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 Guest Editorial by Elizabeth R. Larson

The Give and Take
of Customer Service

Service employees tend to take the majority
of blame whenever something goes wrong.

by Elizabeth R. Larson

In January and March, our First Word column touched upon the lack of quality in customer service. Customer service is a frequent -- and frequently heated -- point of discussion in the business world, and with good reason. As we enter into a technologically advanced age, where automated teller machines and automated phone systems prevail, the human element of service becomes more cherished and, therefore, more crucial. At the same time, we mustn't think that the customer service issue is new; it must certainly be as old as business itself.

Service personnel are the link between management and customers; their role is therefore understandably precarious and difficult. As the frontpeople of the organization, service employees tend to take the majority of blame whenever something goes wrong. While they certainly should bear a fair share of responsibility, they are by no means the entire cause of the problem. I suggest that it goes much deeper.

To get to the bottom of the issue of quality in customer service, I believe that all those who are concerned -- employees, managers and customers -- must actively participate in improving processes and dismissing the unspoken, adversarial relationship that sometimes exists between customers and businesses. Let me offer the merest outline of what the responsibilities of each should include:

 Managers. Businesses must choose their managers carefully. At their best and at their worst, managers must be capable of exhibiting a great deal of character because they must ultimately take responsibility for what goes on around them. When receiving complaints, managers must ask themselves how the situation can be improved and what part they played in failing the customer. When receiving compliments, they must learn to reward employees in a way that encourages continued excellence.

Poor service springs from poor training and lack of proper communication. At the same time, excellent service isn't possible with service employees who are disillusioned, taken for granted and underpaid. As long as a hierarchy of occupations exists, some jobs will be considered humiliating, resulting in employees carrying out their duties in a half-hearted, discouraged way.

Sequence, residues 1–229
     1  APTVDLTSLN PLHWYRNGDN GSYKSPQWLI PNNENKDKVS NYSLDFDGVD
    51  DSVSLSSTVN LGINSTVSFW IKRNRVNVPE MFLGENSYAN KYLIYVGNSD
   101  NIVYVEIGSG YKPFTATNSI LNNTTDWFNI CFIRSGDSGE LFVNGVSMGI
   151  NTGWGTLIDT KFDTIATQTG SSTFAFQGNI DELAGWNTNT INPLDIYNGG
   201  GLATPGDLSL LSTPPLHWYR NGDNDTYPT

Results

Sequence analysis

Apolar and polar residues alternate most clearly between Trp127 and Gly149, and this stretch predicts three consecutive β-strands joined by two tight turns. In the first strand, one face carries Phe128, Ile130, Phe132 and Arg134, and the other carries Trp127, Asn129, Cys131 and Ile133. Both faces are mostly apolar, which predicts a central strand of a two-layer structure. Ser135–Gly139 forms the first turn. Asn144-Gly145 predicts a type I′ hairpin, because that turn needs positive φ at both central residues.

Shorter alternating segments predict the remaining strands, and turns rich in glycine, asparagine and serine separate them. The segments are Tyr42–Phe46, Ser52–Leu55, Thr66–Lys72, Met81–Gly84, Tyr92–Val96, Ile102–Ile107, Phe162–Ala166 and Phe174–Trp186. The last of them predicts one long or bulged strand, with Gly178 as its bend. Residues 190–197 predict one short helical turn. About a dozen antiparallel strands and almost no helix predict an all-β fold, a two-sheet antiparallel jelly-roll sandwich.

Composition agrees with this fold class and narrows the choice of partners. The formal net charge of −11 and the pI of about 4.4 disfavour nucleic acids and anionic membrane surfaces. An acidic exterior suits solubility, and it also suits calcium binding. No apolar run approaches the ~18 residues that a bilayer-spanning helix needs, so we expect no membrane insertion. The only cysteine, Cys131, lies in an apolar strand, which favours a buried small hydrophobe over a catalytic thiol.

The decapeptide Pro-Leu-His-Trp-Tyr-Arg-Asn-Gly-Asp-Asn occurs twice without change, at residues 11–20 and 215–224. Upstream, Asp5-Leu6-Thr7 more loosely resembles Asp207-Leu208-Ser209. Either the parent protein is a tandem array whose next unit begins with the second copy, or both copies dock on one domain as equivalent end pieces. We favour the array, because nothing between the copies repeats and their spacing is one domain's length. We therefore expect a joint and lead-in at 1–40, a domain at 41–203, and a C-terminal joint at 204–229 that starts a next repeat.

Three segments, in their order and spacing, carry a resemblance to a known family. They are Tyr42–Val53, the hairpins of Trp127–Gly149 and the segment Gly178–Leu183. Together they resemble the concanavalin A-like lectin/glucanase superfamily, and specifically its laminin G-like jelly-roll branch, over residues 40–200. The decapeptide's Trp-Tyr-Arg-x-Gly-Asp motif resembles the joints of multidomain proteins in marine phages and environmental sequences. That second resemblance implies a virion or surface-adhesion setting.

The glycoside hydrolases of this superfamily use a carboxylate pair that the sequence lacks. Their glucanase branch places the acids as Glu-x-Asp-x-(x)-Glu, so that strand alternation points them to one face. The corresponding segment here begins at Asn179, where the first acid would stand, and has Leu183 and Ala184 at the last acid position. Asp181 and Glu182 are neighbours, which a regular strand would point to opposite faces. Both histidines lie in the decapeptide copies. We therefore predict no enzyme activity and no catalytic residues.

This is where a manager should be egalitarian. Managers must not neglect any element of the work force when it comes to training, rewards or value; in effect, they should see every new employee as a future CEO. They should strive to construct an environment where employees can both successfully carry out their jobs and find that precious amount of satisfaction in their work.

  Employees. Unfortunately, many people -- especially those in low-paying jobs -- do not see the importance of doing their jobs well. Being faithful in the little things, working their way up in the organization and not trying to make yesterday's hits win today's ballgame are all part of the learning process in any profession.

     Despite our society's emphasis on education, we also have a history of honoring hard work and persistence. Employees would do well to heed the advice of Ecclesiastes 9:10: "Whatever your hand finds to do, do it with all your might."

 Customers. Customers must exhibit understanding when things go wrong and appreciation when things go right. Pliny the Elder said that "Criticism is easier than craftsmanship"; customers should keep that in mind and aim to be as constructive as possible when suggesting ways service might be improved.

As well, customers should tune their voices with a note of compassion and respect when facing difficult circumstances. It is easy to take for granted those behind the counter. The teenager fumbling at the cash register in the fast food restaurant is less an issue of laziness or incompetence than a clue to a lack of interest by management in taking responsibility for properly training all of its personnel.

At the same time, customers have a right to expect good service. Only by insisting on the best -- in a diplomatic way -- will they ever get it.

Business interactions are based on human relationships, and the most successful human relationships are rooted in compassion and a genuine, mutual interest in a common goal. By working cooperatively, customers and businesses will be able to reach greater levels of customer service and customer/employee satisfaction.

It all seems so simple, really. And when looked at from a distance, without having to consider the ebb and flow of human nature, it is. But all of these guidelines are suggested with a caveat: When it comes to emotional issues, it is best not to err on the side of dogmatism, of being too rigid one way or the other. Customer service is a give-and-take situation, and customers and businesses must constantly adjust to each other's demands, needs and expectations. That's the everyday adventure of a quality undertaking.

About the author

Elizabeth R. Larson is news editor of Quality Digest.


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